Ultimate Quickie Information Package!

Login Form

Q-talk 154 - Q2 Dual Engine Controls

Dual Engine Controls

Written by Harold Dirks
Quickie 2 - N32DK

[EDITOR'S NOTE: In the last newsletter, we featured a beautiful Q2 co-owned by Charles Kuhlman and Harold Dirks. Harold gives us all a bit more detail about this unique Q-bird in the well documented article below. Their dual engine control set-up deserves the envy of all builders. Great job, and great article! Thanks Harold!]

Our Q2 has dual throttles and mixture controls. We built this capability into the plane when we originally constructed it in the late1980s and early 1990s. The pictures below, taken at that time with a 35 mm film camera, show the left, right, and center of the cockpit. The camera wasn’t one of the best, and the pictures have deteriorated over the last 20-plus years, so I apologize for their reduced quality.

Left Side of Cockpit

 

Right Side of Cockpit

 

Center Cockpit

This article is intended as brief discussion of what we did to construct and install the dual controls for the engine. We started, as shown in the pictures, with two long 6061 aluminum tubes, nested one inside of the other, to connect the left and right throttle and mixture controls. The outer tube connects the two mixture control levers and the inner tube connects the two throttle levers. The levers began with four disks cut out of 1/8-inch-thick 6061 aluminum plate. The disks were not perfectly round; the outsides were shaped to provide places to attach the aluminum bar-stock levers with rivets. The disks were drilled to fit the outside diameter of their respective tubes. The disks were then soldered to the ends of the tubes with a propane torch and those special aluminum-soldering rods. There was some apprehension about using this method, but the soldered joints have held up fine for over 20 years of use.

The throttle control on the left side of the cockpit is v-shaped, with the short lever connecting to the throttle cable and the long lever used as the pilot’s throttle control. The left-side mixture control is arranged the same way. The right side controls just use long levers.

The ends of the two tubes rest in ½-inch-wide phenolic bearing blocks, which are fastened to the top of the seat gas tank. The four bearing blocks each started out as a rectangular block which is first drilled at each end of the long dimension to receive the clamping/mounting bolts. Next, the blocks are sawed in half the long way to yield top and bottom pieces. Next, the top and bottom pieces are bolted together and a hole sized to receive the tube is drilled at the center of the block. When finished, each half-block has a half-circle hole in the middle and a vertical bolt hole at each end.

The bearing blocks mount to a rectangular piece of 3/8-inch-thick plywood that has four bolt holes drilled in it to match the bolt holes in the bearing blocks and to provide the proper lateral spacing of the blocks on the tubes. The bearing blocks are mounted to the plywood by inserting the bolts at the bottom of the plywood and up through the blocks. The nuts go on top of the blocks. We partially-drilled the plywood bottom at the four bolt holes with a larger bit size that allows countersinking the bolt heads even with the bottom. The empty spaces around the bolt hex heads are eventually filled with an epoxy/flox mixture before the plywood mounting pieces are permanently floxed to the seat tank. It was important to ensure that the entire dual control system operates perfectly and is positioned correctly in respect to other units in the cockpit before it was permanently installed.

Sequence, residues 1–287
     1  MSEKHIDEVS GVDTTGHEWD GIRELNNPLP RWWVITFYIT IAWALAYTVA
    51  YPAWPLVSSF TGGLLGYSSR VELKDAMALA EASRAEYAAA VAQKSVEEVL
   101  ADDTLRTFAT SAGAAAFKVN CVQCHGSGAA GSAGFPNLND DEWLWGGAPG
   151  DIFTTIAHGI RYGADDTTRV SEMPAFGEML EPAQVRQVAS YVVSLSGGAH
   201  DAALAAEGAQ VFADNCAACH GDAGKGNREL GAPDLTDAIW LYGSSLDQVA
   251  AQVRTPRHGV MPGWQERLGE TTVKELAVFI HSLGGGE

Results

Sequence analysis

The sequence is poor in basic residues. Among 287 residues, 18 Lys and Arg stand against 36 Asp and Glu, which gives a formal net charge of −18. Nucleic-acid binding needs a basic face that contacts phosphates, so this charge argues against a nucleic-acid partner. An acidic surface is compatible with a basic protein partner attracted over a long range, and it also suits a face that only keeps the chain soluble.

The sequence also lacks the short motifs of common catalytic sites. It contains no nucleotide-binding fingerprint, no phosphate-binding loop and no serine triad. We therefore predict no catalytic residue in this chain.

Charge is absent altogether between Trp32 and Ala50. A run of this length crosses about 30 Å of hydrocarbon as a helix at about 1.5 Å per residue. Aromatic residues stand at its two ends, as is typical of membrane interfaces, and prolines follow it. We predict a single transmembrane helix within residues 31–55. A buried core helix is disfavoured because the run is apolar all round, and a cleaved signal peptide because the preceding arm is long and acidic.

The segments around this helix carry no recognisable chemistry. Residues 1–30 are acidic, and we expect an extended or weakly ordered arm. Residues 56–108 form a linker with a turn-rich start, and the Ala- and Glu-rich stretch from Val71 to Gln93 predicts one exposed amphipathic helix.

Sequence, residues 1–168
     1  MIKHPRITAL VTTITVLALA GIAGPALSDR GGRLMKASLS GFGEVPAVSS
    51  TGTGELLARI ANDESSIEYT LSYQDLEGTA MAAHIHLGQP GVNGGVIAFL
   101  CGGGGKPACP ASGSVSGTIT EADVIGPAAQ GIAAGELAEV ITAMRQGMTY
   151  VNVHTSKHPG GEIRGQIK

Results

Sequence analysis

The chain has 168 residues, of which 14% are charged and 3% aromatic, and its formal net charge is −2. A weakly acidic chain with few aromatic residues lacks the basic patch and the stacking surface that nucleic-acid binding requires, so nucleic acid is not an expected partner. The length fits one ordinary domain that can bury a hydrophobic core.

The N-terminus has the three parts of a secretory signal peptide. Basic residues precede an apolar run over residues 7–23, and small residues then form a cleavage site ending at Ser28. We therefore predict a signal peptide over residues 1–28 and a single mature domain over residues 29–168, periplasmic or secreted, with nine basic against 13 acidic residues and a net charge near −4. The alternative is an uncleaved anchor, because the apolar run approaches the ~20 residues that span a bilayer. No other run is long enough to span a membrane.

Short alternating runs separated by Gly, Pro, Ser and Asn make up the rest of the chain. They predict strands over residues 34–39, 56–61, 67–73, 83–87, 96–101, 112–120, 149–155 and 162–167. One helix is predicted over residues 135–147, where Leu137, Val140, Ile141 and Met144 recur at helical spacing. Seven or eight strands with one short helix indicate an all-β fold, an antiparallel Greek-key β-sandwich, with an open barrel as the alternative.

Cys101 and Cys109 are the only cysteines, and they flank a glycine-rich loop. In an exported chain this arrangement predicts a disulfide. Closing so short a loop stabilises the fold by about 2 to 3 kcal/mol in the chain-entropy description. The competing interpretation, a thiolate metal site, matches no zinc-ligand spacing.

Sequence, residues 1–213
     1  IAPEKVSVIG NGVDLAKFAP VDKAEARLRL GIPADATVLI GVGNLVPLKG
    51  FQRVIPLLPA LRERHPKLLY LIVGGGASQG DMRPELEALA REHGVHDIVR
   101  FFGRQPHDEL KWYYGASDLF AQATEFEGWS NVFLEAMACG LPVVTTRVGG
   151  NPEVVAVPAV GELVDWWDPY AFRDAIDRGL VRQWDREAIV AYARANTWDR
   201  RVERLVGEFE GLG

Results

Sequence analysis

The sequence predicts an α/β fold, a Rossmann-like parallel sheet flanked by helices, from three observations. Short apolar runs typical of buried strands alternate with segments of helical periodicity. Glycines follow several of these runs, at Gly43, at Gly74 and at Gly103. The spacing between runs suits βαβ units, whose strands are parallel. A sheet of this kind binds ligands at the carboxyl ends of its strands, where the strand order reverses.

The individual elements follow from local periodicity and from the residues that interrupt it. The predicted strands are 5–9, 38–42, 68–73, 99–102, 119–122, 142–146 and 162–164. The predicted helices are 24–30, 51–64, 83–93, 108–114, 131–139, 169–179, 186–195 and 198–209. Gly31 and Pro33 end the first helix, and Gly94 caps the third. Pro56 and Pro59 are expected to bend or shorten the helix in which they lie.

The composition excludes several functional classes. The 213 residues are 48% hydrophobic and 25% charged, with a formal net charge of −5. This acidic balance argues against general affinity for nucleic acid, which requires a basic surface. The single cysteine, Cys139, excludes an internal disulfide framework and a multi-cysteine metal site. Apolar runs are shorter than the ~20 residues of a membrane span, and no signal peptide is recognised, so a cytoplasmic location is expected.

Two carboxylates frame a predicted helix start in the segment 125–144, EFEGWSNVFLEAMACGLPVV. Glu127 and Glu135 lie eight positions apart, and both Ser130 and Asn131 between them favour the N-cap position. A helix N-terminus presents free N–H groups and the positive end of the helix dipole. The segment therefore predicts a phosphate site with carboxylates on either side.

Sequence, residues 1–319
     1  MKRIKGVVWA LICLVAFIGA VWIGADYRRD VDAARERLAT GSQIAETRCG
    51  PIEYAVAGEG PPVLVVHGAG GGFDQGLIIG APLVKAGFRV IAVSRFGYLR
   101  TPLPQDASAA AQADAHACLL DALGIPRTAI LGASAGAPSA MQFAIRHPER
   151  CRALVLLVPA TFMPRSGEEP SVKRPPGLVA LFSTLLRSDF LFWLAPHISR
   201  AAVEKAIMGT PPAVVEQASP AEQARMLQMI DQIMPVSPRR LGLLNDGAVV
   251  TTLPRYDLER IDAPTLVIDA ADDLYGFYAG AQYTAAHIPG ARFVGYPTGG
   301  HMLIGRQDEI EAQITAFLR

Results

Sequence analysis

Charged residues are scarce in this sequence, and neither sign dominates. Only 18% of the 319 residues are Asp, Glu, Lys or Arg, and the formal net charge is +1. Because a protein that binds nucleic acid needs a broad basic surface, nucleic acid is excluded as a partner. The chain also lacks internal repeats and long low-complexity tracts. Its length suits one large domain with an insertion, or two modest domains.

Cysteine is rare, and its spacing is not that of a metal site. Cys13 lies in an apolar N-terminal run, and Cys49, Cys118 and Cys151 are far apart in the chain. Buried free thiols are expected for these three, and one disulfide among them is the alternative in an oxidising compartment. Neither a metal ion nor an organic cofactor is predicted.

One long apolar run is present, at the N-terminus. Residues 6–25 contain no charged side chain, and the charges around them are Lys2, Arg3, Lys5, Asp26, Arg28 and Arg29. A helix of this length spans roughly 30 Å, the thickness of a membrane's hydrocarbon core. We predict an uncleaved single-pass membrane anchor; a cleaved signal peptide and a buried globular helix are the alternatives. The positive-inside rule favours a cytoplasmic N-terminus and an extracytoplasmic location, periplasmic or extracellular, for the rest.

The picture of the center of the cockpit shows a wooden strip installed under the aluminum tubes. This strip is used to mount a long U-shaped fiberglass tube (not shown) that covers the aluminum tubes to allow them to turn freely without interference from the seat cushions and the legs of the pilot and passenger. The fiberglass tube was made using a PVC pipe for a mold.

The next old picture shows the parts that were eventually mounted at the junction of the top front of the arm rests and the vertical sides of the instrument panel. These parts were made of thin plywood and covered with the same type of Formica sheet that covers the entire instrument panel.

Throttle Quadrant Covers

 

The next picture was taken when the airplane was nearly completed and it shows how the throttle and mixture controls look in the cockpit. The levers behind the controls are brake levers. Either lever operates the brakes on both wheels The left-side brake lever operates the master cylinder and the right-side lever operates the slave cylinder. The two white push-pull controls at the top of the center console operate independent parking brakes for each wheel. This system allowed the plane to turn around the stopped wheel when necessary during parking, but was really installed to accommodate a future change to the independent brakes we now have.

The last picture shows what the right side engine controls look like today in the finished airplane. The left side controls look the same, but are unfortunately out of the picture.